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NO/cGMP-Dependent Modulation of Synaptic Transmission

  • Robert Feil
  • Thomas Kleppisch
Part of the Handbook of Experimental Pharmacology book series (HEP, volume 184)

Nitric oxide (NO) is a multifunctional messenger in the CNS that can signal both in antero- and retrograde directions across synapses. Many effects of NO are mediated through its canonical receptor, the soluble guanylyl cyclase, and the second messenger cyclic guanosine-3′,5′-monophosphate (cGMP). An increase of cGMP can also arise independently of NO via activation of membrane-bound particulate guanylyl cyclases by natriuretic peptides. The classical targets of cGMP are cGMP-dependent protein kinases (cGKs), cyclic nucleotide hydrolysing phosphodiesterases, and cyclic nucleotide-gated (CNG) cation channels. The NO/cGMP/cGK signalling cascade has been linked to the modulation of transmitter release and synaptic plasticity by numerous pharmacological and genetic studies. This review focuses on the role of NO as a retrograde messenger in long-term potentiation of transmitter release in the hippocampus. Presynaptic mechanisms of NO/cGMP/cGK signalling will be discussed with recently identified potential downstream components such as CaMKII, the vasodilator-stimulated phosphoprotein, and regulators of G protein signalling. NO has further been suggested to increase transmitter release through presynaptic clustering of a-synuclein. Alternative modes of NO/cGMP signalling resulting in inhibition of transmitter release and long-term depression of synaptic activity will also be addressed, as well as anterograde NO signalling in the cerebellum. Finally, emerging evidence for cGMP signalling through CNG channels and hyperpolarization-activated cyclic nucleotide-gated (HCN) channels will be discussed.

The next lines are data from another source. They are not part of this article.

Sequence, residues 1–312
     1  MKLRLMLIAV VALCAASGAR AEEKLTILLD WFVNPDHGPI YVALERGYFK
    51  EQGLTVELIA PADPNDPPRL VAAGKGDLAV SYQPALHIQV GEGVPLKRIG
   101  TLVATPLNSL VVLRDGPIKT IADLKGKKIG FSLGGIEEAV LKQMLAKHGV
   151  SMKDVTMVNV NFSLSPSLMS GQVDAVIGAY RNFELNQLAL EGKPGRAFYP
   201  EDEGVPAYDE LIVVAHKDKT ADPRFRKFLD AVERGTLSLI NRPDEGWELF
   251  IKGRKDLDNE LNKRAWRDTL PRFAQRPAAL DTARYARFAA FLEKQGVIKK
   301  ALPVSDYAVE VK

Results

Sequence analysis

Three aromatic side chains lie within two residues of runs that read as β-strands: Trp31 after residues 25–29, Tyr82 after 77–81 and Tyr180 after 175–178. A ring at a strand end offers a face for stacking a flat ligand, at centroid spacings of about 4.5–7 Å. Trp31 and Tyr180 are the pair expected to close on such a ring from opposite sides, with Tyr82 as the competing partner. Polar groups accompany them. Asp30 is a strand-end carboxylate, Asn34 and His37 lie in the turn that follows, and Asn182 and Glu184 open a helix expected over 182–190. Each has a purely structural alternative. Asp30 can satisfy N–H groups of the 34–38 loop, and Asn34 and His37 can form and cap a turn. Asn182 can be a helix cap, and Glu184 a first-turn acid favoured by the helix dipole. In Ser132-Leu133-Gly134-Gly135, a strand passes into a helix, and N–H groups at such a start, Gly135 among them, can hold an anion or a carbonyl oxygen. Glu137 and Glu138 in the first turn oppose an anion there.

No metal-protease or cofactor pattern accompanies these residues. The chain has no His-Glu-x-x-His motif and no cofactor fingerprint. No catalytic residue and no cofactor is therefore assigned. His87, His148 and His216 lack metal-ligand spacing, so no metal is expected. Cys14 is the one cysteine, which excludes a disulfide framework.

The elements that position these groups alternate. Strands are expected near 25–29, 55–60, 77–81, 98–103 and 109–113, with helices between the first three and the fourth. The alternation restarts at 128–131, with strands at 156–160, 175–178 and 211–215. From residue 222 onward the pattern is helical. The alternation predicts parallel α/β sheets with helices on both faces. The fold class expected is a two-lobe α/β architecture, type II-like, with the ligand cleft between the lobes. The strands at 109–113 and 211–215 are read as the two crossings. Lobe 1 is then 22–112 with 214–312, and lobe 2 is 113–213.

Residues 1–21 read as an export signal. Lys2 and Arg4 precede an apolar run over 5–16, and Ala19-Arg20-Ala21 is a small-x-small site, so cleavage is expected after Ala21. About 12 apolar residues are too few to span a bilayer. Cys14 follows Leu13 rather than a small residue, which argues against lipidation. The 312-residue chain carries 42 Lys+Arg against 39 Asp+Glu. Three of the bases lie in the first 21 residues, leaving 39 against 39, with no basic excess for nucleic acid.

Keywords

Nitric Oxide Transmitter Release Guanylyl Cyclase Retrograde Messenger Schaffer Collateral Pathway 
These keywords were added by machine and not by the authors. This process is experimental and the keywords may be updated as the learning algorithm improves.

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Copyright information

© Springer-Verlag Berlin Heidelberg 2008

Authors and Affiliations

  • Robert Feil
    • 1
  • Thomas Kleppisch
    • 2
  1. 1.Interfakultäres Institut für BiochemieUniversität TübingenMünchenGermany
  2. 2.Institut für Pharmakologie und ToxikologieTechnische Universität MüunchenMünchenGermany

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